The complainant asserted that she was raped by the accused.
She testified that at about 3:00 o'clock in the morning of December 21, 1990 she went out of her brother Armin's house at Dumping Site, Whiteroad, Inayawan Pardo, Cebu City to answer a call of nature. On her way to the toilet beside the bodega she stumbled on a tin plate and she picked it up. She was putting the plate on the table when she heard someone call her "Day" (Inday). As she turned toward the direction of the voice, the accused Anastacio Malabago, alias "Julio," embraced her from behind. Unable to free herself from his hold, she asked him what he was doing to her. The accused replied that if she so much as shouted, he would break her head and his own, so that they would die together. She shouted, and the accused promptly strangled her and pointed a knife on her neck. What happened after that the complainant narrated when she took the witness stand on May 27, 1991, thus —
Q What else did Anastacio Malabago do to you aside from strangling your neck and pointing a knife on your neck?
A He made me lie down on the table and he sat on my legs and he did what he wanted to do.
Q Please explain to the Honorable Court what you mean when you said that Anastacio Malabago did what he wanted to do to you?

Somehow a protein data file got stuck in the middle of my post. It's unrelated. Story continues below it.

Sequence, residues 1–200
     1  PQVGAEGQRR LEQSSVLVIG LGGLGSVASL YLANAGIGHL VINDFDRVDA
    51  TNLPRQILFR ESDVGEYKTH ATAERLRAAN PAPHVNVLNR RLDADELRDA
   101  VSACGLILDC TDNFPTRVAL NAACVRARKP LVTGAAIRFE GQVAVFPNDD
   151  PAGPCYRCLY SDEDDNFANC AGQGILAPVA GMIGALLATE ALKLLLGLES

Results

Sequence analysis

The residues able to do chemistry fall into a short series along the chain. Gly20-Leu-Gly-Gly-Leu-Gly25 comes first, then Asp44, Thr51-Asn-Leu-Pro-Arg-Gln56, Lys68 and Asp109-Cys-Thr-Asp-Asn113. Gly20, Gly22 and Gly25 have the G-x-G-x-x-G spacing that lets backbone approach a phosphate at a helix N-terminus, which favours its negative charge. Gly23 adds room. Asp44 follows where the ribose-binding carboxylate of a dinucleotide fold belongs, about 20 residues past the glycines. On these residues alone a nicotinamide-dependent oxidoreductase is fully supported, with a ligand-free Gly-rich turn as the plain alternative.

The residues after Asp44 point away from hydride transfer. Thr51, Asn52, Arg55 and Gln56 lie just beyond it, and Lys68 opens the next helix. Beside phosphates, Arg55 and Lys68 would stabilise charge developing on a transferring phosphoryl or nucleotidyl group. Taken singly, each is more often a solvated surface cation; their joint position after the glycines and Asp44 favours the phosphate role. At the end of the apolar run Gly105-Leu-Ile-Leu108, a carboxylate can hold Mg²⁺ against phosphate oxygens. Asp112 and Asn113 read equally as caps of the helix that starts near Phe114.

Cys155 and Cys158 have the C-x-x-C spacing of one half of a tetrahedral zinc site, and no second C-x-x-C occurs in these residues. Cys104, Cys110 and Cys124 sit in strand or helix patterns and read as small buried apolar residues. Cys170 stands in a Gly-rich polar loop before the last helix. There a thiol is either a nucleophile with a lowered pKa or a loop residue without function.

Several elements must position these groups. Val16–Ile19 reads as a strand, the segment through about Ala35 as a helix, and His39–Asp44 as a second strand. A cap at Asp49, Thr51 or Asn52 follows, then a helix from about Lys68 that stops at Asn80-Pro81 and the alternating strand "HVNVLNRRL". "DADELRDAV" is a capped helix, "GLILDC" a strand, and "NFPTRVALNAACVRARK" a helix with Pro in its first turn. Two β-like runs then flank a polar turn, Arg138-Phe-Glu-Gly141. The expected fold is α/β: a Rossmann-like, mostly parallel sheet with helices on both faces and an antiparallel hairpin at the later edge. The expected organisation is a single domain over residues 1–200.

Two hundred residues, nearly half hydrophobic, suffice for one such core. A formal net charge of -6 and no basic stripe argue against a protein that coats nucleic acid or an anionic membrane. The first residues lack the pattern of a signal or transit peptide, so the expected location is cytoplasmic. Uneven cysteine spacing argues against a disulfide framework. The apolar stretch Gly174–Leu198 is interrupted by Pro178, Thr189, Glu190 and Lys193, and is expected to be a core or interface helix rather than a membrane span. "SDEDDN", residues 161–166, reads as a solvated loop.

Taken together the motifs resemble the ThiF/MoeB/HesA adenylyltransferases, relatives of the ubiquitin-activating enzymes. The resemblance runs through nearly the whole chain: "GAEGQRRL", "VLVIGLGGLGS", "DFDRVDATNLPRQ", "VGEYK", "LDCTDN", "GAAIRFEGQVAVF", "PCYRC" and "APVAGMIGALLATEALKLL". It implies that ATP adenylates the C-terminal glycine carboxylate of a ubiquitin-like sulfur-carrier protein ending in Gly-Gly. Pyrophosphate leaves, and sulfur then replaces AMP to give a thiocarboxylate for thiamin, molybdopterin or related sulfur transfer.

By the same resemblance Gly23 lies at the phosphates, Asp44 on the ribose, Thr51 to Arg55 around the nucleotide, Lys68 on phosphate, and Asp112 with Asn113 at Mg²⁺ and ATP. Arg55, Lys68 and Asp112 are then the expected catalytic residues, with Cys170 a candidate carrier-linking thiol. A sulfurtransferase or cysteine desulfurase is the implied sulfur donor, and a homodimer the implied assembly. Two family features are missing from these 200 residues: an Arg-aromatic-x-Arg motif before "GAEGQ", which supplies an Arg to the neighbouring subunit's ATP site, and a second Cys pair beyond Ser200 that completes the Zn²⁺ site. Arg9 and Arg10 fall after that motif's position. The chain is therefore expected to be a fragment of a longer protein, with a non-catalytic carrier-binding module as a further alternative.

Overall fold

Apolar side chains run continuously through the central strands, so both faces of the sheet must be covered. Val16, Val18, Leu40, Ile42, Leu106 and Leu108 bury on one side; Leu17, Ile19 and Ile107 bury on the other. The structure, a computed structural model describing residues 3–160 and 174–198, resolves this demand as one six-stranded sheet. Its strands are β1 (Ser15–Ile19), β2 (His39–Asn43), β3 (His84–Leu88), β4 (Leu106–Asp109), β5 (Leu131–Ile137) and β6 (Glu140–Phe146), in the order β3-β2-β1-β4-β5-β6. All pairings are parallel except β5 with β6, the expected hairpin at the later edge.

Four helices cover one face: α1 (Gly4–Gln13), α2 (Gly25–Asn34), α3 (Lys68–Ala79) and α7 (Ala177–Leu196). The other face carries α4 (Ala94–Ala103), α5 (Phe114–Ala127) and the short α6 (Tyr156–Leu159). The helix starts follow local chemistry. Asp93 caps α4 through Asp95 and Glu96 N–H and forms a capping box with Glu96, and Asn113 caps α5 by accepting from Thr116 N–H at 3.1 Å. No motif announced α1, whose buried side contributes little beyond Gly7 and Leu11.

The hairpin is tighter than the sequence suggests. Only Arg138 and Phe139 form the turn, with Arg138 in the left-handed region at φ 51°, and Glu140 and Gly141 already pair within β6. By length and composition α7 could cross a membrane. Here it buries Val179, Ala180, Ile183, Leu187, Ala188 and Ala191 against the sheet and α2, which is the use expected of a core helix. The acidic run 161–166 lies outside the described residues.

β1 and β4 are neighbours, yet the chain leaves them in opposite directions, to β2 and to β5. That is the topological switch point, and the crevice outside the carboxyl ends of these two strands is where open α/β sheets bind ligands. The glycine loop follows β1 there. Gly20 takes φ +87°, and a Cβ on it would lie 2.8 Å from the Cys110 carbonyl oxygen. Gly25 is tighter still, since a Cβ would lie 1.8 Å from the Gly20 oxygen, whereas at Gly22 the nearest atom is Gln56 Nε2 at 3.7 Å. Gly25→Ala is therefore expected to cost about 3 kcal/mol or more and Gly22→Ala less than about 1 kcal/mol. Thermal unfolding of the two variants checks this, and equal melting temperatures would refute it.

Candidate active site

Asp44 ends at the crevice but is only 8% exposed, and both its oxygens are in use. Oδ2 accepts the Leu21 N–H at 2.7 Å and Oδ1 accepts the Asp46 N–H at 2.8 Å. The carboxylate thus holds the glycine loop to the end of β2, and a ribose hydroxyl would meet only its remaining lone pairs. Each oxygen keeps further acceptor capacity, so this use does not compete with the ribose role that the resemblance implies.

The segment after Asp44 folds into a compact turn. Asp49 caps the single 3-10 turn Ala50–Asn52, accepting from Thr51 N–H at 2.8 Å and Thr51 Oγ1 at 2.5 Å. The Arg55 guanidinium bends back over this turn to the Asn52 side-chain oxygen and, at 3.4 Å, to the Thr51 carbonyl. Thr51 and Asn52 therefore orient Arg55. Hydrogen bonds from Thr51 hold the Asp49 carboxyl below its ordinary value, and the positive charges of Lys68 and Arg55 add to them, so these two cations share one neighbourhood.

A Maybe he wanted to insert his into mine so he could accomplish what he wanted to do.
Please tell your witness to speak plainly and clearly. Are you ashamed to these people inside this courtroom who are listening to your testimony?
Speak plainly and clearly.
Q Please explain clearly to the Honorable Court what do you mean when you said that Anastacio Malabago wanted to accomplish something?
A I mean that he wanted to insert his penis into my vagina.
Q Kindly tell the Honorable Court if Anastacio Malabago succeeded in his desire to have carnal knowledge of you?
A Yes, Ma'am.
Q By the way, what was the physical appearance or condition of Anastacio Malabago when you noticed his presence for the first time?
A At that time he was wearing a sleeveless shirt but I did not notice the trousers.
Q Why did you say that you did not notice the trousers of Anastacio Malabago?
A Because when I tried to pull up my skirt because I don't want him to damage me I noticed that and I felt with my bare hands his thighs without any cover.
Q You said that Anastacio Malabago inserted his penis into your vagina or that he succeeded in raping you, after that what happened to you?
A And I stood up then he said "that will show you who is Anastacio Malabago.